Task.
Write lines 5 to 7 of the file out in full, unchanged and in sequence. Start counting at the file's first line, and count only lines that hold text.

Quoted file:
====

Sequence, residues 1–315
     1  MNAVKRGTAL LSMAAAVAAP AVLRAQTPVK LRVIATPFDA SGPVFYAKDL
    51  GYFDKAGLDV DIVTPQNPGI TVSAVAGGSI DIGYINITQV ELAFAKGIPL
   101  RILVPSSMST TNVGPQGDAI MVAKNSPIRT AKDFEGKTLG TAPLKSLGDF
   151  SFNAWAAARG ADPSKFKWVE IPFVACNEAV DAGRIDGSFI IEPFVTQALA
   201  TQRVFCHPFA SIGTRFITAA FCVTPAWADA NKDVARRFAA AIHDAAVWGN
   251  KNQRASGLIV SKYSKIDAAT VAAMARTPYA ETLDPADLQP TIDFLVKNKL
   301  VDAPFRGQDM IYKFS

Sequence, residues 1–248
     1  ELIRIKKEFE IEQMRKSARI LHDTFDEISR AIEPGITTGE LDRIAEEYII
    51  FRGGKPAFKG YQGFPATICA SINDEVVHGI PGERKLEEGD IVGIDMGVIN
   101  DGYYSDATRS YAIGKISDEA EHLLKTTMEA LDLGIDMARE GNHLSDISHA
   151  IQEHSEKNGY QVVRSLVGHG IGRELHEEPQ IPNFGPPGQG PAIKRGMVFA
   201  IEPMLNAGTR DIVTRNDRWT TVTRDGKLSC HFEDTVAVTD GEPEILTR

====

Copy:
   151  SFNAWAAARG ADPSKFKWVE IPFVACNEAV DAGRIDGSFI IEPFVTQALA
   201  TQRVFCHPFA SIGTRFITAA FCVTPAWADA NKDVARRFAA AIHDAAVWGN
   251  KNQRASGLIV SKYSKIDAAT VAAMARTPYA ETLDPADLQP TIDFLVKNKL